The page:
DSP – Linear Phase FIR filters

Filtering a signal means removing out the unwanted frequencies from signal while preserving the desired frequencies. One application of filtering is removing the noise from a signal. Digital filters are polynomial functions that does the wave-shaping of the signal. In this article we will see the overview of FIR filters, Linear Phase FIR filters and type of FIR filters.

Here we will cover the outline and things to be taken care before implementing a filter type. Again these tutorials do not cover the theoretical aspect in depth. Here we focus on the implementation of the filters.

Filters

A filter generally has a pass band, transition band and a stop band. Look at the figure. This is an example ideal low pass filter.

This filter is represented by h(n). In the design of a filter, we want a polynomial function ‘h(n) which when applied to the input signal ‘x(n)‘ will produce a filtered output ‘y(n)‘.

FIR Filters

The FIR filters are the class of filters that have a finite duration impulse response. These filters are inherently stable. The general FIR filters have transfer function of type

One can observe that these filters have no feedback element. If we take the z transform of such filter then the transform would have only zeros and no poles. This is an important characteristic of FIR filter.

Linear Phase FIR Filters

Linear phase filters are those filters whose phase response varies linearly with frequency. Each of the frequency component of the signal is delayed by a constant amount. Hence such filters preserve the shape of signal and introduce no distortions. This is an important characteristic required for some applications which cannot tolerate phase distortions at all.

For a filter to be linear phase, it must have

There are four types of linear phase FIR filters-

Filter LengthSymmetric / AntiImpulse ResponseType
Oddsymmetrich(n) = h(M-n)1
Evensymmetrich(n) = h(M-n)2
Oddanti-symmetrich(n) = -h(M-n)3
Evenanti-symmetrich(n) = -h(M-n)4

Note: M is order of filter. Order of filter = length of filter – 1

The location of zeros is important and is used to design the filters.

Type 1 Linear Phase FIR Filters

Type 1 filters have the odd length and is symmetric around middle sample.
This filter have frequency response of type –

Above equation simply means coefficient of filters are symmetric about some middle sample. I’ll refrain myself from writing above such equation. This was just to show the frequency response notation. From the pole and zero of z-transform of type 1 filters –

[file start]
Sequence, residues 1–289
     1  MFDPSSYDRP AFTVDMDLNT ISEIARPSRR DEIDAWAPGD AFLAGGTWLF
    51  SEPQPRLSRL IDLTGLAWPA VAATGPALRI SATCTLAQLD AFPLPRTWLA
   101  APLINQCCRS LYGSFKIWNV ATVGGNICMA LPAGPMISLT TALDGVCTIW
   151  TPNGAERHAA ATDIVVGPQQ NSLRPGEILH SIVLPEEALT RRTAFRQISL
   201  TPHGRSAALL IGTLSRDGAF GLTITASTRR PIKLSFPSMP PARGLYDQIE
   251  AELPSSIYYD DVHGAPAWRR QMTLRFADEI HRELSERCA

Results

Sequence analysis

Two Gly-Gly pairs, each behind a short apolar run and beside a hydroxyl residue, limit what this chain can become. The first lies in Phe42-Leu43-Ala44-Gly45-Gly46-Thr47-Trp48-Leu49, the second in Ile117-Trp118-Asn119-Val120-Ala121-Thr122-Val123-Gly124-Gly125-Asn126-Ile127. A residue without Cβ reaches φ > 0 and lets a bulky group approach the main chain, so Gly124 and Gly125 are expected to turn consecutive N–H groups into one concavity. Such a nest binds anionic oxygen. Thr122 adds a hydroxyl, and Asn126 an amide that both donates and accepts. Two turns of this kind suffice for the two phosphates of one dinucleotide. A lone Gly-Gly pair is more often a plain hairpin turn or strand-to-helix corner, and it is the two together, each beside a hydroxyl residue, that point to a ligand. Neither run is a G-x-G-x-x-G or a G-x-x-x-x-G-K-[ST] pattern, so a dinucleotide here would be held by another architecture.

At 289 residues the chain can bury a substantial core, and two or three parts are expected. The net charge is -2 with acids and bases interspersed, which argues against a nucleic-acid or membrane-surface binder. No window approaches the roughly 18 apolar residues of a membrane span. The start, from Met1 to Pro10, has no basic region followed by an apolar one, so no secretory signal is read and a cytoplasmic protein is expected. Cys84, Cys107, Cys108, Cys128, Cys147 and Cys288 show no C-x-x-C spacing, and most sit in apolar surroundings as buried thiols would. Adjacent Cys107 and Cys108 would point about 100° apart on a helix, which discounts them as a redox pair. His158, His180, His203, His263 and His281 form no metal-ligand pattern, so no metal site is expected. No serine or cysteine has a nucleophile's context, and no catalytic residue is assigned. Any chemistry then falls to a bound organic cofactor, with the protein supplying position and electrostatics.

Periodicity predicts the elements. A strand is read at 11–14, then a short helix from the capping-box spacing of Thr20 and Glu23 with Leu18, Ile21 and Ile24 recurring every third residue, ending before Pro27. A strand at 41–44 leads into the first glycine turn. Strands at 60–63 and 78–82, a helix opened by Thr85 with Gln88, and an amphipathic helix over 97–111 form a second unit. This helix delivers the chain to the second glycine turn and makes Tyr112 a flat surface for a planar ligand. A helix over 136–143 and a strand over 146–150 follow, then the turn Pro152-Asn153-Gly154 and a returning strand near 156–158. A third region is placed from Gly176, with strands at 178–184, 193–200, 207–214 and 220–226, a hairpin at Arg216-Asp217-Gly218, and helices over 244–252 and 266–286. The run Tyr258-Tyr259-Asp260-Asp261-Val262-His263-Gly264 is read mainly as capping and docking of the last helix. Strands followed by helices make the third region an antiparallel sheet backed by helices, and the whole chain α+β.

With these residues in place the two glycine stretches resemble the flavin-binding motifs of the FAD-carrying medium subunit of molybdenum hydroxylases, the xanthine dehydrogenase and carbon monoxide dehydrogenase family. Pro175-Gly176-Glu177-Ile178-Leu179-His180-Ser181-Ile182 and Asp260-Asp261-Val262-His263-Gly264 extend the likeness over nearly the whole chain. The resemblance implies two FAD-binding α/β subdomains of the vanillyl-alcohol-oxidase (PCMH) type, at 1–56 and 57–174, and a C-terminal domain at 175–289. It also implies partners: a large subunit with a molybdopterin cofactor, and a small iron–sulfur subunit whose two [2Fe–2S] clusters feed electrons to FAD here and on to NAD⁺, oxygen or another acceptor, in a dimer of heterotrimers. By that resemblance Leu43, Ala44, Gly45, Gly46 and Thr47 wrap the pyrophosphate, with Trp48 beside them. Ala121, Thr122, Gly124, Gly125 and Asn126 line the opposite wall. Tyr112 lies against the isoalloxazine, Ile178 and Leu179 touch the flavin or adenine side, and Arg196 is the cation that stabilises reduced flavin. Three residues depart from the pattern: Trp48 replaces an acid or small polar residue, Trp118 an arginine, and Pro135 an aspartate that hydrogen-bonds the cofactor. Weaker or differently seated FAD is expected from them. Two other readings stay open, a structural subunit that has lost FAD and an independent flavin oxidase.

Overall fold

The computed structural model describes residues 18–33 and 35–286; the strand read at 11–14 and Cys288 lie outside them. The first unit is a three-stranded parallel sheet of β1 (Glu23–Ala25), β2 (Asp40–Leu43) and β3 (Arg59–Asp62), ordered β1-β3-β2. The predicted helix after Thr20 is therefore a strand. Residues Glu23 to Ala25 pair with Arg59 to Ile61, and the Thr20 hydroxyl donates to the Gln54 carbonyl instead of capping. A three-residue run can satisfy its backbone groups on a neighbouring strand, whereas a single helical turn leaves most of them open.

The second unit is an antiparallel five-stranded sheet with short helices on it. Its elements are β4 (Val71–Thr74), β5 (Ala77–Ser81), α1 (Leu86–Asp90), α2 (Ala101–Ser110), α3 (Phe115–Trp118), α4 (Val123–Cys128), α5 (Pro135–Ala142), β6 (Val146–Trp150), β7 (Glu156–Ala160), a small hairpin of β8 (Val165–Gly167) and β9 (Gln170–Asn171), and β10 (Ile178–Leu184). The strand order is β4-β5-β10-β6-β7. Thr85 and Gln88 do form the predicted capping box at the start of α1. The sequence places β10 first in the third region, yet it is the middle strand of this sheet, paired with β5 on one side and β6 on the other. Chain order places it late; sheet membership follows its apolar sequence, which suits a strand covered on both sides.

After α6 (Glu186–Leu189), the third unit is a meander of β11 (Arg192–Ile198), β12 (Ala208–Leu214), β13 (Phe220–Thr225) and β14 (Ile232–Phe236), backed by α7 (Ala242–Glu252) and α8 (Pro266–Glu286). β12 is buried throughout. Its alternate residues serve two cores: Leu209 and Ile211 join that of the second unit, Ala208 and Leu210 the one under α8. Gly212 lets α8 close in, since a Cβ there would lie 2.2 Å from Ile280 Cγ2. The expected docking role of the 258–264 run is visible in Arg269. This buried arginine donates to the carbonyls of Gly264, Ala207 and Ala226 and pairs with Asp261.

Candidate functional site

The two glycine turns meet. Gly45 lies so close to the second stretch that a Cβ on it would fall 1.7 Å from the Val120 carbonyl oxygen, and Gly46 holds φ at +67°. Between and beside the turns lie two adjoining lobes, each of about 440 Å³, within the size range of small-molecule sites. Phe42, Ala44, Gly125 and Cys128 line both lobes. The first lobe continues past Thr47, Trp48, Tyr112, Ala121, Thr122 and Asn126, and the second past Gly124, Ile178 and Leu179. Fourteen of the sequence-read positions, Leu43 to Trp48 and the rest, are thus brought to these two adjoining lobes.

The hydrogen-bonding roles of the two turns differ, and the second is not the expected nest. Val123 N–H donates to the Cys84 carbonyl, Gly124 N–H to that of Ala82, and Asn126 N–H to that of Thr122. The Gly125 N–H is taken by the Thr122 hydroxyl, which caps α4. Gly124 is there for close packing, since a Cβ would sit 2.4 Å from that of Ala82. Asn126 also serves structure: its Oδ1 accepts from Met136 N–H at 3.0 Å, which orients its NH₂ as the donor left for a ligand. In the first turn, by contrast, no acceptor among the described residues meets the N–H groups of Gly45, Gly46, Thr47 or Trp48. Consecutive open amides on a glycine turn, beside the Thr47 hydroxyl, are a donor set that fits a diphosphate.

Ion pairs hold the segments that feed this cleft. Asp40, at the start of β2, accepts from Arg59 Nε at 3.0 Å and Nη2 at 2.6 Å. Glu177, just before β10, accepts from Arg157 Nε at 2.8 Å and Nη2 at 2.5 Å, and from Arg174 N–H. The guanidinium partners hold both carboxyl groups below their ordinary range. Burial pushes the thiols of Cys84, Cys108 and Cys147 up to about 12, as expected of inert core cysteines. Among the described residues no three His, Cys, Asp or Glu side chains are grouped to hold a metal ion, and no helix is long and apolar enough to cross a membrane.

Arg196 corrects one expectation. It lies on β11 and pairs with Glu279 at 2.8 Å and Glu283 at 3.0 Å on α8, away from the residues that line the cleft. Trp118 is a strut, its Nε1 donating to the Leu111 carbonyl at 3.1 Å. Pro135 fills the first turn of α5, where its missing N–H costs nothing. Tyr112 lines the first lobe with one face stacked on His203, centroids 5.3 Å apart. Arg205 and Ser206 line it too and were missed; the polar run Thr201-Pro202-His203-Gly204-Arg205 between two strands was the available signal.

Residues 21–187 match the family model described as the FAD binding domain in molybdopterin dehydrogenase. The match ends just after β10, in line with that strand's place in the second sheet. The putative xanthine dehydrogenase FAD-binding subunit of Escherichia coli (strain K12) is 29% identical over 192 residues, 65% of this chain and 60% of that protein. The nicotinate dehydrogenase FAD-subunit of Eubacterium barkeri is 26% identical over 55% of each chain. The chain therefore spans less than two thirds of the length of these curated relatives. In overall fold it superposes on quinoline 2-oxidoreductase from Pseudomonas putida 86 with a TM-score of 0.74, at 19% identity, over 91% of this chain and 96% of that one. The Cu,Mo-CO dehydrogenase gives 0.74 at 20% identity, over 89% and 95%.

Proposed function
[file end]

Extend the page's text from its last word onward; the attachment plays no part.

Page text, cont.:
• There can be either no zeros or even number of zeros at z = 1 or z = -1
  • If zeros are purely real or imaginary, not on unit circle, then they appear in pairs.
  • If zeros are complex, and not on unit circle, they occur in quadruple

Here is an example – we have drawn a filter having coefficients – [0.5, 1, 1, 1, 1, 1, 0.5]
One can notice that this is odd length – symmetric filter.

Type 1 : Amplitude and Phase response. Filter shown for +ve half of duration. Filter coefficients are [0.5, 1, 1, 1, 1, 1, 0.5]

Notice from the phase diagram that phase linearity is piece-wise linear.
This filter has zero calculated as-
zeros: [ 0.6234898 +0.78183148j 0.6234898 -0.78183148j -0.22252093+0.97492791j
-0.22252093-0.97492791j -0.90096887+0.43388374j -0.90096887-0.43388374j
-1. +0.j ]

On calculating the zeros of the z-transform of the filter one can see that this filter has zeros a pair of zeros at z = 1 and no zeros at z = -1. This satisfies requirements for type 1 filter.

TYPE 2 LINEAR PHASE FIR FILTERS

Type 2 filters have the even length. Because of even length, they are symmetric around imaginary axis.

For such filters, it is mandatory to have an odd number of zero at z = 1 and even or no zeros at z = -1. The zero at z= – 1 also imposes restriction on its design for High Pass filter.

We have implemented an 8 length filter to show this. this filter has coefficient as [0.5, 1, 1, 1, 1, 1, 1, 0.5].

Type 2 filter for above coefficients.

Also this filter is symmetric about imaginary axis. The zeros calculated for such a filter is –
zeros: [ 0.6234898 +0.78183148j 0.6234898 -0.78183148j -0.22252093+0.97492791j
-0.22252093-0.97492791j -0.90096887+0.43388374j -0.90096887-0.43388374j
-1. +0.j ]